History of National Sangria Day
Early Greeks and Romans used to mix their wine with sugar, spices, and whatever else was on hand. These drinks were called “hippocras” and were sometimes heated like mulled wine. Hippocras is the common precedent of both mulled wine and sangria. These were consumed regularly because water at the time was filled with bacteria and unsafe to drink. Adding a splash of alcohol made the water drinkable, and mixing it with watered down wine gave it flavor.
Sangria is specifically based on the traditional red wine punch popular across Europe for hundreds of years. The punch base would be claret — a British term for Bordeaux wine from Bordeaux, France. This red wine is traditionally made from a blend of cabernet sauvignon, cabernet franc, and merlot. Brandy and fruit would also be added for extra flavor. In the 1700s and 1800s, “Claret Cup Punch” would be present at parties of all sizes. It’s even the drink of choice for Jane Austen heroines.
The Phoenicians and Romans planted miles of vineyards in Spain in 1,100 BC and 200 BC respectively. This prompted a very active wine shipping trade, with the wines of Spain quenching most of Rome’s thirst. Red grapes and fruits grew very well in Spain’s climate, and the locals began calling their wine punches Sangria, which means bloodletting in Spanish. In south Spain, the punch is often called zurra, and is created with peach or nectarine. The Spanish mostly base their sangria with red wines, but it can also be made with white wine, known as “sangria blanco.”
National Sangria Day timeline
Ancient Romans planted multiple vineyards along the Iberian Peninsula.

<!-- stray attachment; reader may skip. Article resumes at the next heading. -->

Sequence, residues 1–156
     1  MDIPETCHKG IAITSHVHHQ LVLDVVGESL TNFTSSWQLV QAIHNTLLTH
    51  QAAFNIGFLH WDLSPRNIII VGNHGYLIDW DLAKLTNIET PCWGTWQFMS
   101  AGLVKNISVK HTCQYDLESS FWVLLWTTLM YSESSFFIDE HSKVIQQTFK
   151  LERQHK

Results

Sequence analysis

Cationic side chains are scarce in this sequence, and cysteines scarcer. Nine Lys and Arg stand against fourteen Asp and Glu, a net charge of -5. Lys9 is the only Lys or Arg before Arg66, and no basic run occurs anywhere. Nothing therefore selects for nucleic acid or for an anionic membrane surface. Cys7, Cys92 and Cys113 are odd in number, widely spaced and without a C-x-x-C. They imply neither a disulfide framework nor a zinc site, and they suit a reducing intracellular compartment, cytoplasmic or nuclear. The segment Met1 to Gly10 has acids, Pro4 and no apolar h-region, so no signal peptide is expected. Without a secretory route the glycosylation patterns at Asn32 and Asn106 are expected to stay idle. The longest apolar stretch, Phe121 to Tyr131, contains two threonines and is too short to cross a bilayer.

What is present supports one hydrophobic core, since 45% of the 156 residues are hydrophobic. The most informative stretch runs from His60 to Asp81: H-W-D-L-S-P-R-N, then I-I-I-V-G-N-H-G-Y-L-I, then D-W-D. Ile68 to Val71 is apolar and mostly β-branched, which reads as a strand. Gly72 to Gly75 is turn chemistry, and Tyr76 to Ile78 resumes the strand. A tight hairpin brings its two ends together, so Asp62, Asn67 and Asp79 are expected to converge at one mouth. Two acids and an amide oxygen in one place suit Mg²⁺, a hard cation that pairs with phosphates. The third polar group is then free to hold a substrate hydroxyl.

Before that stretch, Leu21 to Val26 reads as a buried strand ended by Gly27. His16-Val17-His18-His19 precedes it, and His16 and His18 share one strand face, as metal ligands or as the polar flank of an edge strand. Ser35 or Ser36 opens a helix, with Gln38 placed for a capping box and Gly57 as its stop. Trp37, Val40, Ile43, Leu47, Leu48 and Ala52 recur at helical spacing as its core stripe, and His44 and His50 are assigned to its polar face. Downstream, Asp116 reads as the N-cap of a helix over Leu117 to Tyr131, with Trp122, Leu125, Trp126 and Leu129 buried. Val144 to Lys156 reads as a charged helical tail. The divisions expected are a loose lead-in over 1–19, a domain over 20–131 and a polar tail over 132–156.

Moors conquered the Spanish peninsula and prohibited alcohol, meaning the Spanish wine business, and sangria business, faltered.
England and France made their own style of sangria using French grapes.
Spain's sponsored pavilion at the World's Fair in New York City featured sangria, marking the first official time Americans fell in love with the beverage.
National Sangria Day Statistics
National Sangria Day FAQs
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National Sangria Day Activities
Add a little spice to your Wednesday night
This year, National Sangria Day lands on Wine Wednesday, a weekly tradition that many people partake in. Turn that glass of wine you'd normally be drinking into a tasty sangria. Just add some apples, grapes, peaches, and fresh cinnamon.
Host a sangria tasting night
Invite your friends and family over for a night that is sure to end in red smiles. Have everyone bring their favorite homemade sangria and share their recipes!
Have a white sangria brunch
White sangria is best enjoyed during a nice brunch. Host a brunch, and instead of mimosas, make the signature drink be a white sangria.
Why We Love National Sangria Day
It's good for the heart
Traditional sangria contains red wine, which is full of antioxidants, and is great for maintaining a healthy heart. Although many people are still on the fence about this claim, everyone agrees that drinking sangria with family and friends makes the heart full of joy.
There is a sangria for everyone
Whether you prefer a white wine over the traditional red, or can't drink wine overall, there are different variations of this classic beverage. Choose a red or white wine, or grape juice and just add your favorite fresh fruits to your liking. It's that simple.
It makes regular wine festive
Tired of drinking the same bottle of wine? Sangria calls for fresh fruit and spices, which adds a kick of flavor to that bottle of merlot you have collecting dust. Plus, the pieces of floating fruit make for a fancy looking drink.
National Sangria Day dates